Sunday, June 13, 2010
After a long week I craved to eat something very delicious and simple. I knew I wanted chicken and drumsticks are by far the best tasting part of the bird when cooked properly (crispy, salty skin with a very tender and juicy flesh). I also knew I wanted caramelized onions, which are to me the best way to eat onions or any other vegetable, except maybe for really buttery mashed potatoes. Also, my family and I are garlic fanatics, so I decided to slice up 4 heads, about 40 cloves, of garlic to make crispy garlic chips with (I know that seems like an immense amount of garlic, but it is just so good). Finally, I had to cook some chicken breasts, caramelize more onions and garlic, cook more asparagus, and make brown rice for my dad all without salt (Because of his health he cannot eat salt. It hurts me to cook with no salt, there is no flavor).
I started off by breaking apart 4 heads of garlic into about 40 cloves of garlic. Then I crushed them all and peeled the cloves. I cut of the tips of the garlic and cut out the germ (The green sprout that is in the middle of the garlic and sometimes "sprouts" through the clove. It is very bitter). I sliced all 40 cloves very thinly. I took a big cast iron pan and heated some olive oil over low heat and added about 80% of the sliced garlic, a good amount of course sea salt, and freshly ground black pepper. I cooked it over low heat for about 15 minutes just to cook the inside of the garlic. Then I cranked up the heat and crisped up the garlic (This is the same technique to make great French Fries). I removed the crisped garlic with a slotted spoon and put them on a plate line with a paper towel to catch the excess oil. Once removed I seasoned again with salt and pepper.
Next, I sliced four onions very thin. In the same oil that I cooked the garlic in I added the onions along with sea salt, pepper, and thyme. I caramelized the onions over a low-moderate flame for about an hour until they reached a deep, rich golden brown color. When caramelizing onion I always have to add more salt through out the cooking process because once the onions start to release their sugars it dilutes the flavor of the salt.
Then, I cut of 2 inches of the bottom end of the asparagus. I took the asparagus and peeled them and them seasoned them with salt, pepper, lemon zest, lemon juice, and thyme. I sauteed the asparagus over high heat in the same oil I cooked the onions and garlic in until the asparagus were just cooked through on the inside and the outside was crisp.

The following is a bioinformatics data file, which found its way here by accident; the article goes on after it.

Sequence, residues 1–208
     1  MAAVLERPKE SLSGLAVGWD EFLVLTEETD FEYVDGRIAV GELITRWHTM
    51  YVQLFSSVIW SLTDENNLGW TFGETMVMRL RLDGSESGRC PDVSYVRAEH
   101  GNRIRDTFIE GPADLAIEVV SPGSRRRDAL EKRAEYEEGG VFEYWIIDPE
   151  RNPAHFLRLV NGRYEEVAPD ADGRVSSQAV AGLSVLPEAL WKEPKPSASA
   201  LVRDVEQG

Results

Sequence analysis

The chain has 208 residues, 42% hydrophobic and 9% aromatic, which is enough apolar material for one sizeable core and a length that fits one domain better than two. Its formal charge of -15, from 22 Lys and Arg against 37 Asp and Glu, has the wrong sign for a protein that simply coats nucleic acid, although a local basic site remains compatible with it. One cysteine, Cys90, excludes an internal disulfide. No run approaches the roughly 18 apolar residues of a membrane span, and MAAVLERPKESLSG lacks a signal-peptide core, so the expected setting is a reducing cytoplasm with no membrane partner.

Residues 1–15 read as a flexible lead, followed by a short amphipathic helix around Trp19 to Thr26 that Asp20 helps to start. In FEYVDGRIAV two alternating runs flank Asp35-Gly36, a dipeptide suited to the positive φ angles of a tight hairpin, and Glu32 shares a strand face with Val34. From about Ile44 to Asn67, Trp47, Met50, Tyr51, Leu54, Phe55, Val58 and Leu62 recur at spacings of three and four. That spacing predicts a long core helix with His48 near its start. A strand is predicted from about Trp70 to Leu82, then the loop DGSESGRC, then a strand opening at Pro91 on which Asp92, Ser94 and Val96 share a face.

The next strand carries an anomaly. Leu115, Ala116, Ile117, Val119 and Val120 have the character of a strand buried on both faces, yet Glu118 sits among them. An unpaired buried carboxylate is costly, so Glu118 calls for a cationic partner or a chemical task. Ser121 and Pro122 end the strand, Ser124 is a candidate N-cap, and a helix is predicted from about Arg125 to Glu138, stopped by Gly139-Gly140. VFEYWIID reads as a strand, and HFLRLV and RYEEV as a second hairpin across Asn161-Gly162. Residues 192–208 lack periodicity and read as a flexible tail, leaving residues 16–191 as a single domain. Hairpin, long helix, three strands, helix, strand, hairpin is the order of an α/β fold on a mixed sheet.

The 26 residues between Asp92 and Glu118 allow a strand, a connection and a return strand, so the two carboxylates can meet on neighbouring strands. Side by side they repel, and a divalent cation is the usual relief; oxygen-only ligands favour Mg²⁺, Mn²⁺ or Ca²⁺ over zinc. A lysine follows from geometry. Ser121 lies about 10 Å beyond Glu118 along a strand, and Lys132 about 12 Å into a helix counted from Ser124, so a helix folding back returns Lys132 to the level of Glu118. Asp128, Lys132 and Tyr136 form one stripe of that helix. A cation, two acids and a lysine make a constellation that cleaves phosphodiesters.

Now I had to cook the drumsticks. I would usually grill them, but it was pouring outside so that was out of the question. I had some bacon infused chicken stock that I had made the day before, so I decided to partially poach the chicken in the stock. The stock was made by roasting the carcass of a chicken with mirepoix, tomato paste, fresh herbs, and bacon. After everything was roasted I poured about 3 quart of water into a pot and added the roasted items. I let it simmer very gently for about 6 hours skimming constantly. Then I strained the stock and quickly chilled it. In the morning when I went to look at the stock in the fridge I was happy because the stock gelatinized, which means that the stock had great body. After I partially poached the drumsticks I patted them dry and seasoned them with salt, pepper, and thyme. I brushed some chicken fat on the drumsticks and crisped the skin under the broiler. Then I let the chicken rest for about ten minutes before serving so that the juices got redistributed (Most people make huge mistakes when cooking proteins. All proteins must rest or all of the moisture will be lost when sliced. This makes perfect sense because when molecules are heated they move faster then when they are cooled. So when you cut a piece of meat that came right out the pan the molecules are moving like crazy so they just gush out of the meat all over the plate). In just two and a half hours me and my family sat down to a great meal. But then I had to clean my mess, which sucked.